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Depression is a horrible illness. You generally think you are thinking straight and that things really are as bad as you feel they are.
+1. And the individual, at the time of the episode, just doesn't see out of the pit, that things will get better (as they have in the past). But, a couple days or weeks later, if they get through the episode, all is well again.

My undergrad dabblings in Psych courses left me with the strong opinion that physical neurochemistry holds the key to understanding many psychological issues that we have traditionally ascribed to poor upbringing, character weakness, etc. Lots of questions ahead for society: Where does individual responsibility for our actions start/end, the cause/effect link between neurochemistry and thoughts/mood/behavior (it goes both ways), and does an individual have the right to live their life on the roller-coaster of mental illness/mood disorders/chemical dependency if that's what they say they want? (Are they competent to choose? Says who?). Lots of well intentioned compassionate answers have second-order effects that are not good.
I'll miss Robin Williams. We know his personal story is no more tragic than millions of others every year, but he did touch so many lives.
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Old 08-12-2014, 10:41 AM   #27
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Very unfortunate - he seemed an heir to Jonathon Winters drop of water in a hot skillet comedy style, albeit sweeter in personality. Was astounded that Winters only died in 2013 at the ripe age of 87, way older than I'd have expected. Robin Williams died too soon - sorry for the pain he must have felt. Genius.
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Old 08-12-2014, 10:45 AM   #28
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+1. And the individual, at the time of the episode, just doesn't see out of the pit, that things will get better (as they have in the past). But, a couple days or weeks later, if they get through the episode, all is well again.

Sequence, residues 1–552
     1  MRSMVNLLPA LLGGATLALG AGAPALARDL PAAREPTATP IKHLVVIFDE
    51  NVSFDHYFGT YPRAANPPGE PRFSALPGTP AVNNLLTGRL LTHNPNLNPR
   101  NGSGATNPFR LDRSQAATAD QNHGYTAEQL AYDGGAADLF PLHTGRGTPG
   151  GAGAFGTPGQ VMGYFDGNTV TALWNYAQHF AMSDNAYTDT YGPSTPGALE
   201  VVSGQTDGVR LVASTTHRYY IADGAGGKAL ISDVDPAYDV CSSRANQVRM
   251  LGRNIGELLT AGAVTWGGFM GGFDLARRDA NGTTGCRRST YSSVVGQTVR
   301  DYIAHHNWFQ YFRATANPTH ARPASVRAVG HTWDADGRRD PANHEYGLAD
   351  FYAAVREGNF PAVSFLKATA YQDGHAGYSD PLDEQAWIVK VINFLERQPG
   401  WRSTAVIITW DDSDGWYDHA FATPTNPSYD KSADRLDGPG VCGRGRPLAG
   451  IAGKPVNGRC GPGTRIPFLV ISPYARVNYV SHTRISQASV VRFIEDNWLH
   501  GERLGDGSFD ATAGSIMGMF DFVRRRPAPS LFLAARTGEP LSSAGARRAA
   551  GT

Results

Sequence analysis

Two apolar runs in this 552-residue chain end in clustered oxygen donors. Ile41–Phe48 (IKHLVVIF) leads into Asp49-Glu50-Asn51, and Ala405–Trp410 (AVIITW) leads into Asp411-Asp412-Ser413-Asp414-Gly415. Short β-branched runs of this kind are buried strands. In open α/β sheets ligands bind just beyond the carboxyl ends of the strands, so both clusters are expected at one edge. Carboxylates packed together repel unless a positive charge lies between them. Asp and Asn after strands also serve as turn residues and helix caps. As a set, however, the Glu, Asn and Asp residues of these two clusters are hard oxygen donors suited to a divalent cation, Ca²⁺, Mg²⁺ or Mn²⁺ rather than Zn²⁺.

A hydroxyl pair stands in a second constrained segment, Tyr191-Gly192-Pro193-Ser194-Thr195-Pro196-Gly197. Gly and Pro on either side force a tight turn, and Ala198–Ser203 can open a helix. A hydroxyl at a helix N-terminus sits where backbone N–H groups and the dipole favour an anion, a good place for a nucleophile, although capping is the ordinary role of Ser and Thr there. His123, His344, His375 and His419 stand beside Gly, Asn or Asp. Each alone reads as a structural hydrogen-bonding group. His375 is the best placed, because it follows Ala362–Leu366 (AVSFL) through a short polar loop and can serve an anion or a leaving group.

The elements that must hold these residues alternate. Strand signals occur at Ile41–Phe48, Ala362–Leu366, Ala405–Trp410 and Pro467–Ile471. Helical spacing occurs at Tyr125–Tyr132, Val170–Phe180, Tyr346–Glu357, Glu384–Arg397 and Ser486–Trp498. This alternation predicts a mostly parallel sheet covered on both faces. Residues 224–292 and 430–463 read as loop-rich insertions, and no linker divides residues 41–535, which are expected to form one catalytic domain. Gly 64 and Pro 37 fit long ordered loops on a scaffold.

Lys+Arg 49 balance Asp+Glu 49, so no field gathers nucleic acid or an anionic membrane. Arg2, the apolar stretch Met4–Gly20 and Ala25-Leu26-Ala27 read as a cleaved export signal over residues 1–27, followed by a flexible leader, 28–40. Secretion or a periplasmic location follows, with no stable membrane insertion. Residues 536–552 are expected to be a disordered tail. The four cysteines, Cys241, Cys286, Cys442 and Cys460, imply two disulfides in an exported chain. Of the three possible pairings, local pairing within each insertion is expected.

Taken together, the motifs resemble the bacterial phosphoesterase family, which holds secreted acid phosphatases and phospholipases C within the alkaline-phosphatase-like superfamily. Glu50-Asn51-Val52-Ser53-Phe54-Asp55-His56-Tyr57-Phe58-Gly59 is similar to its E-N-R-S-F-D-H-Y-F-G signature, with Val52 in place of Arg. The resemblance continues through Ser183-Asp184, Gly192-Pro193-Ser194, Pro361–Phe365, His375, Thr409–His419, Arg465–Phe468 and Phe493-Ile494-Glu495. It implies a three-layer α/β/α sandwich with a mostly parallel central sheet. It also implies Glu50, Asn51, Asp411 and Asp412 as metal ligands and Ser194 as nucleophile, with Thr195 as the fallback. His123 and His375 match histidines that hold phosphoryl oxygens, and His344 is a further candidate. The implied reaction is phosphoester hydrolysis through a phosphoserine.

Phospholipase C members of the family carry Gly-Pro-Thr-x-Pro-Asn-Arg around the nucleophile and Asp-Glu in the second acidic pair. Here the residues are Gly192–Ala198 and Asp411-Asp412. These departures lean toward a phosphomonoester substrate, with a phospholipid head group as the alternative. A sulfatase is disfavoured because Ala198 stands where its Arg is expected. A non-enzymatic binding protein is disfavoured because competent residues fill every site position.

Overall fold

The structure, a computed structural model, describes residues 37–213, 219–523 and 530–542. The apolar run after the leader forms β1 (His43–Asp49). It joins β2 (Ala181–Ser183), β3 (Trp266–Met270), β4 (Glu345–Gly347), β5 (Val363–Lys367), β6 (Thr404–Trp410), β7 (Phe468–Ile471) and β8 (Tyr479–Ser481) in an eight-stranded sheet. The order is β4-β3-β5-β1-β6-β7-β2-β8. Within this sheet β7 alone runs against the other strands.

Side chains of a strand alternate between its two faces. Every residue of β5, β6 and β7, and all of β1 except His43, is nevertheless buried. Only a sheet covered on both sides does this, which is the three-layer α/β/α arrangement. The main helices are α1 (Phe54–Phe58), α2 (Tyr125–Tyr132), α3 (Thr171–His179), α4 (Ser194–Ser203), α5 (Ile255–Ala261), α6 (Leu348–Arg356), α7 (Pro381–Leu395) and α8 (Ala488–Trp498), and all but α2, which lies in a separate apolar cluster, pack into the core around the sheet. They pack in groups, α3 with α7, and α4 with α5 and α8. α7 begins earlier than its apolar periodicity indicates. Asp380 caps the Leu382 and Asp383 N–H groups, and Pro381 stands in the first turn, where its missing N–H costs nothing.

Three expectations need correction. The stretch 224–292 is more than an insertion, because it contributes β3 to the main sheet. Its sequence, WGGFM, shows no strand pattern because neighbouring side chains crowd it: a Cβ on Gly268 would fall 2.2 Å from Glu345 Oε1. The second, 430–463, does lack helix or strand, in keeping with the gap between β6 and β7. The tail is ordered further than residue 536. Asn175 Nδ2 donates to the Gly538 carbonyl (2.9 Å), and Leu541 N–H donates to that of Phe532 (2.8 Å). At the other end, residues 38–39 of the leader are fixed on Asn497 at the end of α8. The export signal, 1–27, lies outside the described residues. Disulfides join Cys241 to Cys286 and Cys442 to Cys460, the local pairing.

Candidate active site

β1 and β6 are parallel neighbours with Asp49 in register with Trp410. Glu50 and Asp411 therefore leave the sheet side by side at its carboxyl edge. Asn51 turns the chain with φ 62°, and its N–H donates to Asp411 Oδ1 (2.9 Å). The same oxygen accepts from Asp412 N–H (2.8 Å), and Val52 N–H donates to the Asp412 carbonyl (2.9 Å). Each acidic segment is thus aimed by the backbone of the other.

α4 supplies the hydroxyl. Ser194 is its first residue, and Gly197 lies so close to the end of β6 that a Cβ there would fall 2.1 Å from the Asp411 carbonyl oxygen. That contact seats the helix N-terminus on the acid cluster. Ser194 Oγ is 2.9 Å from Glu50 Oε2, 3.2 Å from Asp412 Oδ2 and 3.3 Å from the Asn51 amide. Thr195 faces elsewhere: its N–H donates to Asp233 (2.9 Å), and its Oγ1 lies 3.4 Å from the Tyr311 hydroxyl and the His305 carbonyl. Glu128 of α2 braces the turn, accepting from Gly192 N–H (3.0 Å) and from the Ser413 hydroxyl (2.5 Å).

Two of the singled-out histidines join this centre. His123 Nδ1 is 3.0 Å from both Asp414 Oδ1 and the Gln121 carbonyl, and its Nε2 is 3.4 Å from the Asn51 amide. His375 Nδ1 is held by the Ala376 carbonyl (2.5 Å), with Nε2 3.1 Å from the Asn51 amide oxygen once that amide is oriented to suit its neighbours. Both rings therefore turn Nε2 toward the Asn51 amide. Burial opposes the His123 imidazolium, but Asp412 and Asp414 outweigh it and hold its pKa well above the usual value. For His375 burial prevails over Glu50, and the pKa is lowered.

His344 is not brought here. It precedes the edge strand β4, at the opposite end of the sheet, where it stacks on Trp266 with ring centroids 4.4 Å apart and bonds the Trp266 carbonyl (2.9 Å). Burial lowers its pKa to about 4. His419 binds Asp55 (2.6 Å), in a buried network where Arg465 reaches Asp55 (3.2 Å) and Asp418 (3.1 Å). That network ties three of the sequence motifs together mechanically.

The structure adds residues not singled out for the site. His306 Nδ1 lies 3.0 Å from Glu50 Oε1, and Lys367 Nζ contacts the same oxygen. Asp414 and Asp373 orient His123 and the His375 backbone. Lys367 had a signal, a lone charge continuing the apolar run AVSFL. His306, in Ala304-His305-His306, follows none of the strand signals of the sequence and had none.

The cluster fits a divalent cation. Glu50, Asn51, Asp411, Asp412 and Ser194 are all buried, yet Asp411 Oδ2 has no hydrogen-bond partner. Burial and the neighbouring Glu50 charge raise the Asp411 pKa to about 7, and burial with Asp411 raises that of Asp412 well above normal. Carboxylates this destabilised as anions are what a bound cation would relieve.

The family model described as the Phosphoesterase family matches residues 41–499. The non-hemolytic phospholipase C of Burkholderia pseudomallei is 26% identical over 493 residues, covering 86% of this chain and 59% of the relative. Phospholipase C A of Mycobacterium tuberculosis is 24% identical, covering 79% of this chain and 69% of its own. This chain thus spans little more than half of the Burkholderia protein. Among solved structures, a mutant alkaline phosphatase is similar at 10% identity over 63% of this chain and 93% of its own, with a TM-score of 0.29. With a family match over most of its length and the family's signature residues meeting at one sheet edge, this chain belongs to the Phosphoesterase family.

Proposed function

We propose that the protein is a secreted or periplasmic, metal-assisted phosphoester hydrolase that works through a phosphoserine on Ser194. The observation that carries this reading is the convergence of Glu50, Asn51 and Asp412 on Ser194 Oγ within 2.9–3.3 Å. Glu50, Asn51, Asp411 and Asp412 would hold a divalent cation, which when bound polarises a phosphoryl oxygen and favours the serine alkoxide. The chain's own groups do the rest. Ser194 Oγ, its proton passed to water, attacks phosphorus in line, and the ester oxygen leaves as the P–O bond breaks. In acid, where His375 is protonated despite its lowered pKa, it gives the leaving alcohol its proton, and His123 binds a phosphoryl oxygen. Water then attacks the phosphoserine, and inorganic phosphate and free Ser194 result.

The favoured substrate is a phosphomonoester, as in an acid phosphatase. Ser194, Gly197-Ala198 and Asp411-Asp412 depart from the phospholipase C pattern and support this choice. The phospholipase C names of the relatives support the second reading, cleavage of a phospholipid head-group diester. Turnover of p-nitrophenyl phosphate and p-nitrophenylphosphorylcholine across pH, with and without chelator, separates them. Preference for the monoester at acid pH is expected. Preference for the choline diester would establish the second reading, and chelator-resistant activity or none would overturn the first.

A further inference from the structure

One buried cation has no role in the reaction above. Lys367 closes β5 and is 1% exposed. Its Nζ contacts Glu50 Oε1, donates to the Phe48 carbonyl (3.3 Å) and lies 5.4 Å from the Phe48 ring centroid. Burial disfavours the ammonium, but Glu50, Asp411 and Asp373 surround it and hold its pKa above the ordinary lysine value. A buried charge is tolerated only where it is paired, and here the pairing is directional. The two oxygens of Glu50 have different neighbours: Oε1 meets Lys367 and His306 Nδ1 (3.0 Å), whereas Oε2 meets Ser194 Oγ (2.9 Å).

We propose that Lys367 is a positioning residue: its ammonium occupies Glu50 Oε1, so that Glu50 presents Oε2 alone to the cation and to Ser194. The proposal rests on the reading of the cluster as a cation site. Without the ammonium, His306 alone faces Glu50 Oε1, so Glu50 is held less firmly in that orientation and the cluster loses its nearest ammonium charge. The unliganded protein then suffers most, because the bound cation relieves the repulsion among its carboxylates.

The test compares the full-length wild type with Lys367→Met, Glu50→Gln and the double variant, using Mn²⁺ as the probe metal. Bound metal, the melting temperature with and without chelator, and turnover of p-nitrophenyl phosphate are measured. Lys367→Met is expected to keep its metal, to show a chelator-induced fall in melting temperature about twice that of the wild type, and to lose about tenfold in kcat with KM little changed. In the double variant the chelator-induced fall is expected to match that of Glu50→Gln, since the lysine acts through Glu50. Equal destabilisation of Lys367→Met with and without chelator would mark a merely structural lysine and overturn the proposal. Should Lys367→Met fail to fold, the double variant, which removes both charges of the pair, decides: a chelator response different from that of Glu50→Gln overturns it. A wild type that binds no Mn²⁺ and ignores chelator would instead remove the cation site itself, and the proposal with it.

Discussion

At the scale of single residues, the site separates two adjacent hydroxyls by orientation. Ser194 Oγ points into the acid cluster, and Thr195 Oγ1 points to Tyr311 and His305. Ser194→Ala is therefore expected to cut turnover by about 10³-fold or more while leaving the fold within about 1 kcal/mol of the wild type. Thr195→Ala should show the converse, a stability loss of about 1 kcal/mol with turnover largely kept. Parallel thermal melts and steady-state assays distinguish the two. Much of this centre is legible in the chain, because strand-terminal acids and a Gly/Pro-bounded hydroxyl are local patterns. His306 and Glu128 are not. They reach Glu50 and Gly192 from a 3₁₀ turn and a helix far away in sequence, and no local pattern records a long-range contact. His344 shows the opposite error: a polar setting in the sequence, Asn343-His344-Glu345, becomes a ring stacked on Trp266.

My undergrad dabblings in Psych courses left me with the strong opinion that physical neurochemistry holds the key to understanding many psychological issues that we have traditionally ascribed to poor upbringing, character weakness, etc. Lots of questions ahead for society: Where does individual responsibility for our actions start/end, the cause/effect link between neurochemistry and thoughts/mood/behavior (it goes both ways), and does an individual have the right to live their life on the roller-coaster of mental illness/mood disorders/chemical dependency if that's what they say they want? (Are they competent to choose? Says who?). Lots of well intentioned compassionate answers have second-order effects that are not good.
I'll miss Robin Williams. We know his personal story is no more tragic than millions of others every year, but he did touch so many lives.
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Old 08-12-2014, 11:11 AM   #29
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This article said it all for me:

The Other Side of ‘Poor Robin Williams’

Summed up in the final paragraph...
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Maybe people like Robin Williams aren’t mentally ill. Maybe they’re so good, so bright, so creative, so sensitive – all of this in a world that can’t give them what they really need, a sense of being SEEN, of being VISIBLE (and no, being on screen is not, or may not, be that), of being known and loved for being their brilliant true selves, and by people whose opinions they value – that they eventually run out of steam and just … die
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Old 08-12-2014, 11:32 AM   #30